# What is significance of torque

1. Feb 9, 2012

### Arslan

or you can say what is the physical interpertation of torque. i know the mathemetics of it but whats its significance in practical terms.

2. Feb 9, 2012

### DaveC426913

What? You mean you want to know how it applies to the real world?

Like how you use a wrench to tighten a nut on a bolt? Or rev an engine to accelerate your car?

3. Feb 9, 2012

### Dr Lots-o'watts

Using a screwdriver is a rather good way to feel what torque is.

4. Feb 11, 2012

### Arslan

let me put my question this way
why torque is defined as F*r why not F*r^2

5. Feb 11, 2012

### tiny-tim

Hi Arslan!

Torque is turny-force, and moment of inertia is turny-mass.

Mass is the ratio of linear force to linear acceleration …

twice the force gives twice the acceleration.​

Moment of inertia is the ratio of torque (angular force) to angular acceleration …

twice the torque gives twice the angular acceleration.

6. Feb 11, 2012

### sophiecentaur

Reasonable question.
The pragmatic answer is that your suggested alternative won't give you the right answer when you try to calculate what will balance what. Torque is a quantity, like Force that can be used to model and understand mechanical situations AND to predict what will happen. The proof of the pudding is in the eating.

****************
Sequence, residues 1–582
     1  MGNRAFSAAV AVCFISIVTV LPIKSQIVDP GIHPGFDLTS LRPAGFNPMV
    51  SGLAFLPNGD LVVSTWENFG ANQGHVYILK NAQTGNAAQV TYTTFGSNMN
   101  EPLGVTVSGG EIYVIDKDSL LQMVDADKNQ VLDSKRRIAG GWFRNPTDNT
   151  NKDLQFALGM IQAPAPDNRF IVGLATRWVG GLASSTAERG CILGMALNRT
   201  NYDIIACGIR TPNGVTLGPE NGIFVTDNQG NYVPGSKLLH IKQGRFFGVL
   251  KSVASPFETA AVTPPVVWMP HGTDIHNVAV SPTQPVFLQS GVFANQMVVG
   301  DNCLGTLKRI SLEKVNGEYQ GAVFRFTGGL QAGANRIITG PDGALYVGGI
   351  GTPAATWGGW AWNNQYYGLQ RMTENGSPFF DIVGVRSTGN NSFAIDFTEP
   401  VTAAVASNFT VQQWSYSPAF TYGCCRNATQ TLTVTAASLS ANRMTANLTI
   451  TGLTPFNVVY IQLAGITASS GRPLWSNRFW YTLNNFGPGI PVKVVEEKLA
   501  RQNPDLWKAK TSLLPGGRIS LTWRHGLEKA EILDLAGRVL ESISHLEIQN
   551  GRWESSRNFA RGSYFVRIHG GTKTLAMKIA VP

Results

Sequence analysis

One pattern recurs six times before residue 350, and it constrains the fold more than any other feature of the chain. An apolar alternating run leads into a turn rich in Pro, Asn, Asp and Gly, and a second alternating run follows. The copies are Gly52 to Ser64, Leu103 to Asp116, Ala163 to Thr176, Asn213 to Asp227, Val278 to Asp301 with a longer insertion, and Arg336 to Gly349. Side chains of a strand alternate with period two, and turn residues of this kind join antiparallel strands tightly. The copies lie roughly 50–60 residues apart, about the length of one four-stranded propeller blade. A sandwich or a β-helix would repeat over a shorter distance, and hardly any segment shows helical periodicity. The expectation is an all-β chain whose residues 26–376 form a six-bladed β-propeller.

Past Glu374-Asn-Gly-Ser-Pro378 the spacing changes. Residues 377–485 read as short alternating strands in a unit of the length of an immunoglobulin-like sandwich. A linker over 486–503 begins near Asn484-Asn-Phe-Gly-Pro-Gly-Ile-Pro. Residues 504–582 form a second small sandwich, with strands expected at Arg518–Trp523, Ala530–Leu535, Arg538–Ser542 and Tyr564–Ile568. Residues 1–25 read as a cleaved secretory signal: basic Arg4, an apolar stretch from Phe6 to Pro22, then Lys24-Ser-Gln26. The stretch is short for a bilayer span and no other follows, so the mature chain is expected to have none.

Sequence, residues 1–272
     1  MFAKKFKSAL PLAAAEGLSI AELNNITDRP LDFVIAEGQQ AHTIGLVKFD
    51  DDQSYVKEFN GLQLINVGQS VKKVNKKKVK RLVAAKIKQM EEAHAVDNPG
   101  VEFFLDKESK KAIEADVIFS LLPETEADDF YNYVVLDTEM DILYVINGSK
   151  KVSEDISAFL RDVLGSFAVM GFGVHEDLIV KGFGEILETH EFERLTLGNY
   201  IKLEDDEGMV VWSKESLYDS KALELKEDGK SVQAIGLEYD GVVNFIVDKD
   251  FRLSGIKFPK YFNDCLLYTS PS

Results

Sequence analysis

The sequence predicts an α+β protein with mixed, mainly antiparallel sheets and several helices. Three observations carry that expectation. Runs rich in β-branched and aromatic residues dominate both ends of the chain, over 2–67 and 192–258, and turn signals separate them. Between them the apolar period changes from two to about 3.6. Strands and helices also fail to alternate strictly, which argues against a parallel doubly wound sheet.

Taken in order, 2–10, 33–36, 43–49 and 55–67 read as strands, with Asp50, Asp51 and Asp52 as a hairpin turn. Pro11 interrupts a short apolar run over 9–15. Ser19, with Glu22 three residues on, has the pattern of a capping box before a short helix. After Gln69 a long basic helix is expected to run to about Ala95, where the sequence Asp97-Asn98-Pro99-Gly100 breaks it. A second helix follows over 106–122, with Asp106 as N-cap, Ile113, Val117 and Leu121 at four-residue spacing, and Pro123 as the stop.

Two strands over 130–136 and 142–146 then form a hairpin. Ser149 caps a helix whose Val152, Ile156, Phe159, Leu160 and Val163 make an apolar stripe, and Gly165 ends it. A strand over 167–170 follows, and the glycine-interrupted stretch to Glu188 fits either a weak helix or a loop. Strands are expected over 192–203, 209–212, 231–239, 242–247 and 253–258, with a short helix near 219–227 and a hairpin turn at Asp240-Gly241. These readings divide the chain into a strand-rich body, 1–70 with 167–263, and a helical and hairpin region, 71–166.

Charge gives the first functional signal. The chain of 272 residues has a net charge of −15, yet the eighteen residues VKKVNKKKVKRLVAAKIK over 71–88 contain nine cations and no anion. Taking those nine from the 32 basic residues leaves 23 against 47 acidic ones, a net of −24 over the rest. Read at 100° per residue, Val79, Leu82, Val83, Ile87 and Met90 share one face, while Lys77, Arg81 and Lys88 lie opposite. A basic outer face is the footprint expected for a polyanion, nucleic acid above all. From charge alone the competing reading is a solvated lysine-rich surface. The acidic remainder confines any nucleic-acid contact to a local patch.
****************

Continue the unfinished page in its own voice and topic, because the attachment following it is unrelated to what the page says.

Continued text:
The more rigorous answer is that angular momentum is a very basic quantity in the Universe - just as linear momentum is. The formulae for linear motion, such as
Force = mass times acceleration
momentum = mass times velocity
and others, are well known. (?)

There are equivalents in the 'rotational world' and Torque turns up in those formulae, along with Moment of Inertia and Angular Momentum etc.
You would need to read further if you want more details and some of those formulae.

7. Feb 11, 2012

### Neandethal00

I think of torque as a force that causes rotational motion.

F = ma; here force F causes linear motion, with linear acceleration a.

Torque τ = Iα ; α is angular acceleration and moment of inertia I is related to mass.

Similarity between this 2 equations seem to be what is linear (motion in straight line) and angular (motion in circle).

8. Feb 11, 2012

### Nehmo

What would be the advantage of defining torque as F*r^2?